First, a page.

#8: Toronto loses Brian Bradley to the Tampa Bay Lightning in the 1992 Expansion Draft
While this is technically not a trade, the Leafs had the option to leave anyone they wanted available in the expansion draft for Ottawa and Tampa Bay.  Mike Krushelnyski was nearing the end of the road, as was Mike Foligno.  Joe Sacco was a nothing prospect of limited potential.  Mike Eastwood, Dave McLlwain, Ken Baumgartner.  Granted, I’m not 100% certain who was protected, but there had to be someone else besides Bradley that could be protected.  He finished sixth on the club in scoring in 91-92!  But for whatever reason, the Leafs let Tampa Bay snag him.  And what happened?  He scored 42 goals and 86 points for the Lightning, and then proceeded to record 300 points in 328 games over six seasons before retiring due to injuries.  He was the Lightning’s face of the franchise until Vincent Lecavalier came along, and he lead the Bolts from game one to their first playoff birth in 1996.  And the Leafs let him walk for nothing.  Just to put Bradley’s 300 points in perspective; do you know how many Leafs have scored 300 points in Toronto?  32 players.  In 72 YEARS.

#7: Toronto trades Jason Smith to the Edmonton Oilers for a 2nd Round Pick in 2000 (Kris Vernarsky) and a 4th Round Pick in 1999 (Jonathon Zion)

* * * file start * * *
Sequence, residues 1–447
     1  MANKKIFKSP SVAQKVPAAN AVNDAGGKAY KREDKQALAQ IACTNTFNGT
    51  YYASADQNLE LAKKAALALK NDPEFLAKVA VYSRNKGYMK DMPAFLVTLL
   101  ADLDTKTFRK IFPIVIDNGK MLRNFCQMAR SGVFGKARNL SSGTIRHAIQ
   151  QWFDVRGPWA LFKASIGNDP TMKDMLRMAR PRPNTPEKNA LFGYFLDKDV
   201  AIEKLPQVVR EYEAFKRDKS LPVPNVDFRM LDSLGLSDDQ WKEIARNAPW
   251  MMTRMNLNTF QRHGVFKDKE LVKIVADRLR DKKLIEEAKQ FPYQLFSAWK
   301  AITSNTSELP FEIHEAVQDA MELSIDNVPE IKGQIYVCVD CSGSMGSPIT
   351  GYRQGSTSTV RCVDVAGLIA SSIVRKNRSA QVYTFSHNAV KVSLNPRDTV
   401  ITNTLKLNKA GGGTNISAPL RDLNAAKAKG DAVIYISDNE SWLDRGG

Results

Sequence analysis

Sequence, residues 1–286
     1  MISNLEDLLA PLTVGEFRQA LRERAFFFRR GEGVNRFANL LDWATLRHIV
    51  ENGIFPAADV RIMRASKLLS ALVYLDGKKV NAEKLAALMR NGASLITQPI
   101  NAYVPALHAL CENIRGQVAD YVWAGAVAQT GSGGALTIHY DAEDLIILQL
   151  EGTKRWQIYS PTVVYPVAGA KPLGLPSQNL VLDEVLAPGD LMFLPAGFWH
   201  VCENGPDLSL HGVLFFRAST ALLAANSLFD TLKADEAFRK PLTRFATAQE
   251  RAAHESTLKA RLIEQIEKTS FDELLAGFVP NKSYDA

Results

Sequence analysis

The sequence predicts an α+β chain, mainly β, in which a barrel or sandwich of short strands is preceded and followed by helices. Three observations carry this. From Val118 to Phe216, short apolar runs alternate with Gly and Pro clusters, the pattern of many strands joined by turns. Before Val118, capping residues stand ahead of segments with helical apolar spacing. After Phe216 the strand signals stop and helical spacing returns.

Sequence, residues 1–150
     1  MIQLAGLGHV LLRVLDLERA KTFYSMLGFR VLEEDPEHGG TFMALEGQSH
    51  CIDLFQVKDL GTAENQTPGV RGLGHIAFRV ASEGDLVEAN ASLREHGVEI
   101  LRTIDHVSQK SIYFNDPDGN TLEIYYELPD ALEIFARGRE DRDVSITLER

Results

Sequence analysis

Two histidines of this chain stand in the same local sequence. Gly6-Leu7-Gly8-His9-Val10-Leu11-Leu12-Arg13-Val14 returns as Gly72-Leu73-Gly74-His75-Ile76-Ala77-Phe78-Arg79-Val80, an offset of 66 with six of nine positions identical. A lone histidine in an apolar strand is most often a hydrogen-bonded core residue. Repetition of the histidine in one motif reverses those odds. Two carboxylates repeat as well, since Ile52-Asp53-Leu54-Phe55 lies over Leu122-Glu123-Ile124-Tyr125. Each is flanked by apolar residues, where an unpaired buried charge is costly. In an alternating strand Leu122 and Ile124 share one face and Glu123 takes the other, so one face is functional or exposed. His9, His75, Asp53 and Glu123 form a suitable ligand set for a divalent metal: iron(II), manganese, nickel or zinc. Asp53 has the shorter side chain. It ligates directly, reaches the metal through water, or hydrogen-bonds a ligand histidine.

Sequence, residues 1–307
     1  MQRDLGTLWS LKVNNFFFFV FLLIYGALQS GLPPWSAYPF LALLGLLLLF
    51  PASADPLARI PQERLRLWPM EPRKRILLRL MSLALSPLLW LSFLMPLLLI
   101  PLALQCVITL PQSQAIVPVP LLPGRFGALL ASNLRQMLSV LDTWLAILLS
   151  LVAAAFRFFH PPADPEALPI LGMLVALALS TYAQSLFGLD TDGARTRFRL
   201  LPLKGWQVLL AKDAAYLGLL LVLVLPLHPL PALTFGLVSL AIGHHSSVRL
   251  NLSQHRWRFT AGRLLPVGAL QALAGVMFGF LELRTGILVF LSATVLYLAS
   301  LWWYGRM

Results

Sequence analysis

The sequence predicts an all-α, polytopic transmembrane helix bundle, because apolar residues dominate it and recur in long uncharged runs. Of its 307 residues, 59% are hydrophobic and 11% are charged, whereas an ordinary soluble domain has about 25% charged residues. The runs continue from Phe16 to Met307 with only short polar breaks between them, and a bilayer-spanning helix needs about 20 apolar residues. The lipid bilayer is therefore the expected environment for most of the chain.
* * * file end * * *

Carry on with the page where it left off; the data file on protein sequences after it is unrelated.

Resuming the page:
Leafs GM/Coach Pat Quinn was not a fan of Jason Smith, and shipped him off to Edmonton.  And you know what we kept hearing on TV and in the papers for the next few years?  “We could really use a big, physical defenseman to clear the net and project (Curtis) Joseph in goal.”  Gee, where can we find one of those?  Oh, I know… EDMONTON.  Jason Smith became one of the most popular Oilers since Doug Weight and Ryan Smyth, playing 542 games and eventually being named team captain.  He has since been traded to Philadelphia, which caused Oiler Ethan Moreau to say the following: “I didn’t even ask who we got. I don’t really care right now if we’re better or worse, it’s more the human side of it. You lose a great friend and a great leader, the longest standing Oilers captain of all time.”  Obviously a very talented, very respected player.  And a true leader.  Well the LEafs must have gotten something good in return, right?  Hell, you already know the answer to that; if it was “yes”, then it wouldn’t be on this list.  Mr. Zion (who sounds like an extra from the Matrix) never played in the NHL.  Kris Vernarsky played 17 games… but not in Toronto.  The Leafs traded him to Boston for Ric Jackman.  And RIGHT before Jackman became a decent defenseman for a few seasons… the Leafs traded him for Drake Berehowsky.  So to sum up, the Leafs traded an additional 619 games (and COUNTING) of Jason Smith for 42 games (and 8 points) from Ric Jackman, and 9 games (3 points) from Drake Berehowsky.  Huzzah.